Searching over 5,500,000 cases.

Buy This Entire Record For $7.95

Official citation and/or docket number and footnotes (if any) for this case available with purchase.

Learn more about what you receive with purchase of this case.

State v. Williams

Superior Court of Delaware, Sussex

June 2, 2014

Robert Williams

Submitted: May 28, 2014.

Natalie Woloshin, Esquire Woloshin, Lynch, Natalie & Gagne.

Christopher S. Koyste, Esquire

Kevin Carroll, Esquire Department of Justice.

Dear Counsel:

Following a jury trial in June 2011 Robert Williams (the "Defendant") was convicted of two counts of Robbery in the First Degree, two counts of Possession of a Firearm During the Commission of a Felony (i.e., the Robbery offense), one count of Conspiracy and one count of Assault in the Third Degree. Thereafter, a Motion for Judgment of Acquittal was briefed with the benefit of trial transcripts. The Motion focused on whether or not the State proved a firearm was possessed by the Defendant. The Motion was denied, and the Defendant was sentenced to twenty two (22) years Level 5, followed by probation. The Defendant's conviction was affirmed by the Delaware Supreme Court.[1]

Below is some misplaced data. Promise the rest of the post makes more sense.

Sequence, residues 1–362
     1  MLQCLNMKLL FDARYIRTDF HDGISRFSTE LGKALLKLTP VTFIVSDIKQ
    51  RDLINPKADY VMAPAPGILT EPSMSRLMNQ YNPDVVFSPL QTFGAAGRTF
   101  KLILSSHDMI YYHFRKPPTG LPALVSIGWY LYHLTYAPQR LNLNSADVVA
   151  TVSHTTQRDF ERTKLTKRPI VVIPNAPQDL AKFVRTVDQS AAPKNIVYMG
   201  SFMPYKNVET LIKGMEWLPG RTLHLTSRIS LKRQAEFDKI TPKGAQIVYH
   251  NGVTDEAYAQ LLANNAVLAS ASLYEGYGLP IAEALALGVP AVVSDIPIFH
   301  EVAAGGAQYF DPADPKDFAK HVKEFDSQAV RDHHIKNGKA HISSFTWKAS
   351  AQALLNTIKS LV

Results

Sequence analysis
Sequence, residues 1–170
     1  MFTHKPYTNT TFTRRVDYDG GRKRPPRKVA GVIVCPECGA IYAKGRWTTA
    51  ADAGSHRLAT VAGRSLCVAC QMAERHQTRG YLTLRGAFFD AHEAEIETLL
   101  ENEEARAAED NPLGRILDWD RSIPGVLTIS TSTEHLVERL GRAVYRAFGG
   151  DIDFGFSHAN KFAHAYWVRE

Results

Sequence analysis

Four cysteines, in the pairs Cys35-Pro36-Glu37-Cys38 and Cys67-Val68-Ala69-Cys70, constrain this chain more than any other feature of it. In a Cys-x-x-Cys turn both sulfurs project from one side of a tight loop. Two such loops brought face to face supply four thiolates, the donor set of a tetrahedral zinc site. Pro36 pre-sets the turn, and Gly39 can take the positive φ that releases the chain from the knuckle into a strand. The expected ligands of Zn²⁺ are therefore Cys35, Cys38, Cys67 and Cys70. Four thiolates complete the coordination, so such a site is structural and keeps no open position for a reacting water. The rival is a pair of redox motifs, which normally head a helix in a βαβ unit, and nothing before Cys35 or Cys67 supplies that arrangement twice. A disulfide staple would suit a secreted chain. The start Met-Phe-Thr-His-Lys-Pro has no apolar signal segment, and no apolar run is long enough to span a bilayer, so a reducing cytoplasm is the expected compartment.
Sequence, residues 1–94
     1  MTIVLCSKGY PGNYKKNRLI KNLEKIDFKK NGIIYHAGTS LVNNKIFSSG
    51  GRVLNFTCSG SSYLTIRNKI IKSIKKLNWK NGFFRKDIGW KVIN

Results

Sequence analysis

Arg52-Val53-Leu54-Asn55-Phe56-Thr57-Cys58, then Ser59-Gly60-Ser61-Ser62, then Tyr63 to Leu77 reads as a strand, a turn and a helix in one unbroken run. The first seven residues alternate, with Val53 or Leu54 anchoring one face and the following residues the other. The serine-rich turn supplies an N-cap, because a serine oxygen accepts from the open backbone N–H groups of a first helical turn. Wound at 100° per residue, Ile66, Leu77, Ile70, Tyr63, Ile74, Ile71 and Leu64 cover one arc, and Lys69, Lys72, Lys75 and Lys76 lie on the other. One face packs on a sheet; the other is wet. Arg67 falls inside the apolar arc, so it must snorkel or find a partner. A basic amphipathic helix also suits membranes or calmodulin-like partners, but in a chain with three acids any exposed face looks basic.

On August 7, 2013 the Defendant filed a pro se Motion for Postconviction Relief pursuant to Superior Court Criminal Rule 61 ("Rule 61"). Defendant complained trial counsel was ineffective, that his "record" was illegally obtained, and the Court had erred as to an evidentiary ruling.

Pursuant to Rule 61, as amended in 2013, Natalie S. Woloshin, Esquire ("Ms. Woloshin") was appointed for the Defendant.